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Guides - Marketing Secrets w/ Russell Brunson
Yes please! In , we launched a dating marketplace — Tickle Matchmaking, which eventually became LoveHappens. The more people we had there, the better off other users were.
In , we launched Tickle Social Network — coincidentally the same day MySpace launched — and it grew to 30 million users. These people created content for each other on a daily basis. The more people, the more content, the more valuable for all the members. In we launched Grapevine, an advertising marketplace for advertisers to buy ads on user generated content sites like ours, Hi5, Bebo, etc.
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The more ad units we had, the more valuable to the advertisers. The more advertisers we had, the more valuable Grapevine was to the publishers. Each of these businesses had a network effect, and they each felt better to run than our initial business. Unfortunately, perhaps due to lack of skill, or perhaps due to running five different businesses inside the company and thus being spread too thin, each of these products fell short of dominating their markets.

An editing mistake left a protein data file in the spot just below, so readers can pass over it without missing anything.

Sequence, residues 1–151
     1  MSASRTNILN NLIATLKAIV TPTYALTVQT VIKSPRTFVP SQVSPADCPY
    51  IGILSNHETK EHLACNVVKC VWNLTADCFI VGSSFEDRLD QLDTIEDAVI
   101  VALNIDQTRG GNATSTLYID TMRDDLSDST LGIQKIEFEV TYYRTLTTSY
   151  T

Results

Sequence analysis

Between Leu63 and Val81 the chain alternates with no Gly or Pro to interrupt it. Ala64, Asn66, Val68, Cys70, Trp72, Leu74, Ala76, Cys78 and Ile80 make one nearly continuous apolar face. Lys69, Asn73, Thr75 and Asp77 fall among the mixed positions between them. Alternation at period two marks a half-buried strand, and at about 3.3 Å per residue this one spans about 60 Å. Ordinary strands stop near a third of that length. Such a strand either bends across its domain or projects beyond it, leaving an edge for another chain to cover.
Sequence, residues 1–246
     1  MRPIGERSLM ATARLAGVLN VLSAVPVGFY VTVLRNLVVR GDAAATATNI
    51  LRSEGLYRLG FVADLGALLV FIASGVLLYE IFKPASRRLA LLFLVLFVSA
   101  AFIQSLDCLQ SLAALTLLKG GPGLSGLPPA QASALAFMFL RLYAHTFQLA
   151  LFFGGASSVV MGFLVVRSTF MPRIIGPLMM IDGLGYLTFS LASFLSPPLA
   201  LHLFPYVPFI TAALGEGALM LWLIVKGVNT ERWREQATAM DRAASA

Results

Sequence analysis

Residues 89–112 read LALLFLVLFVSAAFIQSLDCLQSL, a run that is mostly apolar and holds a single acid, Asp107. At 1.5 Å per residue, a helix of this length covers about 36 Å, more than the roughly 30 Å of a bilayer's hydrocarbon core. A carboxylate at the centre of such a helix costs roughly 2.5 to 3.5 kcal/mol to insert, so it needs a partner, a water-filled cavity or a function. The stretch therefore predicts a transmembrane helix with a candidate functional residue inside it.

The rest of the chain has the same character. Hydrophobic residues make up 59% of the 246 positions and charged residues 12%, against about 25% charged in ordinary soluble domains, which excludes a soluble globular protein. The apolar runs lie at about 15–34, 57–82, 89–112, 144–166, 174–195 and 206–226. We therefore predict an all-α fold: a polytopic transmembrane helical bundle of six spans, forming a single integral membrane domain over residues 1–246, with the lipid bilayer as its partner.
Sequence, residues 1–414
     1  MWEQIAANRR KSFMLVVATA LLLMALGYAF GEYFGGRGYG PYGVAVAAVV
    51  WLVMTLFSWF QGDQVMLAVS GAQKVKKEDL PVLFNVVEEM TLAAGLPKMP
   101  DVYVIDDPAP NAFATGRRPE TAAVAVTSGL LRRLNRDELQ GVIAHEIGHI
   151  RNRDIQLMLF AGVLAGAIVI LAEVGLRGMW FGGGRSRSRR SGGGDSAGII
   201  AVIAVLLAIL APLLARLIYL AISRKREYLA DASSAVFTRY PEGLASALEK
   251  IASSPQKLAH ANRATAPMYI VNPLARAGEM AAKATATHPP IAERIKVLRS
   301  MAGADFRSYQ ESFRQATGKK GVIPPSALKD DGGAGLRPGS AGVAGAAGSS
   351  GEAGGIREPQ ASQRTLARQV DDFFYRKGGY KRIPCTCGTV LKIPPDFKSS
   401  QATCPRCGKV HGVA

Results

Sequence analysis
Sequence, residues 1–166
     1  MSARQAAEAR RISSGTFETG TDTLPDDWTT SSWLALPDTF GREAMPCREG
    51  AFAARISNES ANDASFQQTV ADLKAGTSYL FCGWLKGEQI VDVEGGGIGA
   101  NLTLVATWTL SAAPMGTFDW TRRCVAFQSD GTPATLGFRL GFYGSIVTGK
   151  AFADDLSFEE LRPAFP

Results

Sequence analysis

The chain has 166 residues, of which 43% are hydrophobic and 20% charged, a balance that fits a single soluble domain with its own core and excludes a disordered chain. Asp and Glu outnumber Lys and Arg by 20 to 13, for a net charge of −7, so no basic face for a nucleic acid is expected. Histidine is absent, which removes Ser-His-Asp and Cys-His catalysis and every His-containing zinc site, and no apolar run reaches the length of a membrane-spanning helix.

We took it. Monster is a two-sided labor marketplace. Employers on one side, employees on the other.
The company was founded in In every element of the business other than the sales team, this was a poorly run company. Poor product, poor customer service, poor strategic decision making, and from what we could tell, a lack of insight into what was about to happen to them because of LinkedIn and others. We tried to get them to let us build a LinkedIn competitor when LinkedIn had less than 1. What stood out was that none of this mismanagement mattered.
The Viral Epiphany paperback
They had a network effect in place. Like Craigslist, the only feature that mattered was that everyone was there. The buyers found efficiencies in using them and so did the sellers. Both sides of the marketplace kept coming, and Monster kept making money.